The use of performance enhancing drugs, especially anabolic androgenic steroids (AAS) has emerged as a social problem outside competitive sports, linked to substance abuse and crime. The purpose of this article is to analyze the use of doping and attitudes to doping outside the competitive sports context in relation to age, gender, ethnicity, socio-economic status, and branch of sport. The article is based on a survey study carried out in Kalmar Municipality at elementary schools (age=appr. 14; n=383), high schools (age=appr. 16; n=208) and fitness centers (n=327). The results showed that 1% of the girls and 2% of boys at elementary school, and 2% of girls and boys at high school, reported use of banned substances. 5% of the girls and 15% of the boys at high school had been offered illegal substances. At fitness centers, 4% of the women and 5% of the men reported doping use, most commonly in the age group 31-35 (15%). Gender differences were smaller than previous studies would suggest. Ethnic and socio-economic factors had only minor effects on prevalence of doping, which was more common among individuals who practiced strength sports and martial arts. Regarding attitudes towards doping, a large proportion of the pupils at elementary schools (45%) and students at high schools (56%) claimed that it is up to the individual to decide whether or not to use doping substances. The results are discussed from the perspective of individualization processes in society and in connection to influences from muscular body ideals, where doping together with work-out are analyzed as effective means for body transformations in individual (body-)identity projects.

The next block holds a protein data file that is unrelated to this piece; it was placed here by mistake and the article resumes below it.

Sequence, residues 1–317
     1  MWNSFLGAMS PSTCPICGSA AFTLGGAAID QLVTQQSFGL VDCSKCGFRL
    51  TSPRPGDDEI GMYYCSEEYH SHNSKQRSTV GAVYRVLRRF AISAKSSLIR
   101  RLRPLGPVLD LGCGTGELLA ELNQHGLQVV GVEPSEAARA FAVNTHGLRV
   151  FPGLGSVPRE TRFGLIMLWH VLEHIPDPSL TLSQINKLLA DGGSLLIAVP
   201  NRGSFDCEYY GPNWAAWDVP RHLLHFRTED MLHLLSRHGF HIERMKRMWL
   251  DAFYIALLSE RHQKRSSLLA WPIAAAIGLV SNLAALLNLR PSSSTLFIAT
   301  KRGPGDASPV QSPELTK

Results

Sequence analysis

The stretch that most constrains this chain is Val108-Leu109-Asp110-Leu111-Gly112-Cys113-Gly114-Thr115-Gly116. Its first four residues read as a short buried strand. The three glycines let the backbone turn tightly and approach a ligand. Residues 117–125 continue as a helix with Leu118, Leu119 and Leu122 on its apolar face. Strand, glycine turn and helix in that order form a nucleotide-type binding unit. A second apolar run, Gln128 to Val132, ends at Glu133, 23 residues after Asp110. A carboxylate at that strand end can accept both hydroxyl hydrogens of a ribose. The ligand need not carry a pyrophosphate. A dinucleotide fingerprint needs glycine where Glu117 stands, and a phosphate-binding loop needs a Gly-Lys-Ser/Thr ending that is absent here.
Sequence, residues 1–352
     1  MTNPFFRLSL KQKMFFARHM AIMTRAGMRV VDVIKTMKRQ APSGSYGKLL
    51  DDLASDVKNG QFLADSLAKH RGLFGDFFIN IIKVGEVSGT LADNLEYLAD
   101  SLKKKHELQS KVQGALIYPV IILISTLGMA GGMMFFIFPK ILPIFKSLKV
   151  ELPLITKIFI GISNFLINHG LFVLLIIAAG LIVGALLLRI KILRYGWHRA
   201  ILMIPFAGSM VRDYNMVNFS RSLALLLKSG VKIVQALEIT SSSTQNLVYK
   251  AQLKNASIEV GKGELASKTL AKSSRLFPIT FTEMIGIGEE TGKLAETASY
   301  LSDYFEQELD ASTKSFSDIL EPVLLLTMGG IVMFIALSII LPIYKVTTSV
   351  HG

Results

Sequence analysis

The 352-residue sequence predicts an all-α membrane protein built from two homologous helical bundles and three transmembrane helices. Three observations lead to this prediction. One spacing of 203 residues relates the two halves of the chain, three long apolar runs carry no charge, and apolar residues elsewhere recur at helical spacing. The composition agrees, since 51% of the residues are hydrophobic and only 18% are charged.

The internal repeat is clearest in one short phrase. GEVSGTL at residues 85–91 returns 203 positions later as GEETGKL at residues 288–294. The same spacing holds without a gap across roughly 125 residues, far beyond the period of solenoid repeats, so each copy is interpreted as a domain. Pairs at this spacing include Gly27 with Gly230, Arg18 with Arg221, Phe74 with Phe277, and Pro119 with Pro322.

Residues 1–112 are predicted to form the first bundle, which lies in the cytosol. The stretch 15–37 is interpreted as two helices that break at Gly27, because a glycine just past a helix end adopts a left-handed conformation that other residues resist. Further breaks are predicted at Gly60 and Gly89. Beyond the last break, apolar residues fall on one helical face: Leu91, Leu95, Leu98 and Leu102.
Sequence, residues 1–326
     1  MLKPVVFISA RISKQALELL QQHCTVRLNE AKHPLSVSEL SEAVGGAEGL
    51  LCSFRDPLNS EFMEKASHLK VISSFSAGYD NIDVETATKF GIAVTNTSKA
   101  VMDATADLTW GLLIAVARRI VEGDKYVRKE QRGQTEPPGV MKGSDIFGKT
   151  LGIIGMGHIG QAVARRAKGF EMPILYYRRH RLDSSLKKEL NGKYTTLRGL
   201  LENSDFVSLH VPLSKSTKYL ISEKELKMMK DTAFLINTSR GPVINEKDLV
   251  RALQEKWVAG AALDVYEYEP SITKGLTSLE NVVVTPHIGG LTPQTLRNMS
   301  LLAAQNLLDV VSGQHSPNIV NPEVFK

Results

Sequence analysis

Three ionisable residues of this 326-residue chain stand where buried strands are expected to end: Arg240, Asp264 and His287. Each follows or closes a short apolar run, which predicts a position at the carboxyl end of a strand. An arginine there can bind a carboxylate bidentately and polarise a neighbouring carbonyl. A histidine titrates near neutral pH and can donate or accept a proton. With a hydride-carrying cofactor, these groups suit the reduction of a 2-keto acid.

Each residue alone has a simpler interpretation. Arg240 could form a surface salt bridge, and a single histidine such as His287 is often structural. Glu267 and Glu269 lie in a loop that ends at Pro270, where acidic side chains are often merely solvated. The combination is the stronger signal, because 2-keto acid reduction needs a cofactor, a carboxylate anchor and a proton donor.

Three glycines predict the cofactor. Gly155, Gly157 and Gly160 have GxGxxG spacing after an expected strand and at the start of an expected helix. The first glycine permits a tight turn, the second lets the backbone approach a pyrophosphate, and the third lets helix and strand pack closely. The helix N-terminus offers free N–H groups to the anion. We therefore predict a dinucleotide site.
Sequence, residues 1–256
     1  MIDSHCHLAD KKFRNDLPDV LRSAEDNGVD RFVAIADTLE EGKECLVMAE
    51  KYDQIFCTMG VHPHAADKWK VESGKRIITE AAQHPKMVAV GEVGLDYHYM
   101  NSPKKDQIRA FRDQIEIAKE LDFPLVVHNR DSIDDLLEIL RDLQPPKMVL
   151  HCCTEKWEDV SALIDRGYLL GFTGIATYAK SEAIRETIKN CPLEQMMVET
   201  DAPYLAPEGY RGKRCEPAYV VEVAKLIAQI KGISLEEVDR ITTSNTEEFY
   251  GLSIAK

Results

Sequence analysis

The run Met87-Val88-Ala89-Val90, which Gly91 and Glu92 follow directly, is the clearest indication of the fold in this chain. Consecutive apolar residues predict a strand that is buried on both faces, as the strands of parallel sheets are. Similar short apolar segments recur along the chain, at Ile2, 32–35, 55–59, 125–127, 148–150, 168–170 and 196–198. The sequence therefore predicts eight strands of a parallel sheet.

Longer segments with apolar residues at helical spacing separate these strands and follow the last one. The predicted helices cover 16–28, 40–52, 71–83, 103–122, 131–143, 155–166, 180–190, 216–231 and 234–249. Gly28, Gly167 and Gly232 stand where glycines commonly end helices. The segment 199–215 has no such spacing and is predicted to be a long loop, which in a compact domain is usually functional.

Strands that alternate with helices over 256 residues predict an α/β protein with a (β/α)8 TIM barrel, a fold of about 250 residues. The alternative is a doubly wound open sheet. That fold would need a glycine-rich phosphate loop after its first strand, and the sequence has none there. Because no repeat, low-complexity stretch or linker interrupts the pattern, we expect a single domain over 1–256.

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About the Author
DAVID HOFF is Associate Professor in Social Work, at the School of Social Work, Lund University. David has a PhD in Sociology of Law, and his interests in social and sport issues (often combined) has emerged during his time at the Department of Sport Sciences at Malmö University and the Department of Social Work at Linnaeus University. His main research interests include different perspectives on doping in sports as well as outside the sport context (e.g. as a social issue of abuse). The focus of his research is on individual and social driving forces for doping in relation to processes and trends in society. He has a qualitative methodological approach in his research, and he has recently completed an interview study of Swedish elite athletes who have been using illegal performing-enhancing substances. David has also written about the system of governance in relation to doping in sport from a sociological of law perspective. At present he is conducting an interview study of performance enhancing drugs users in fitness centers as part of a study of doping outside competitive sport. He is also working in a research project on physical activity and sport in drug abuse treatment. His latest publications include ”Doping, risk and abuse: An interview study of elite athletes with a history of steroid use” (Performance Enhancement and Health, 2012; 1; 2; 61-65), and Doping- och antidopingforskning – En inventering av samhälls- och beteendevetenskaplig forskning och publikationer 2004-2007 (FoU-rapport 2008:1. Stockholm: Riksidrottsförbundet).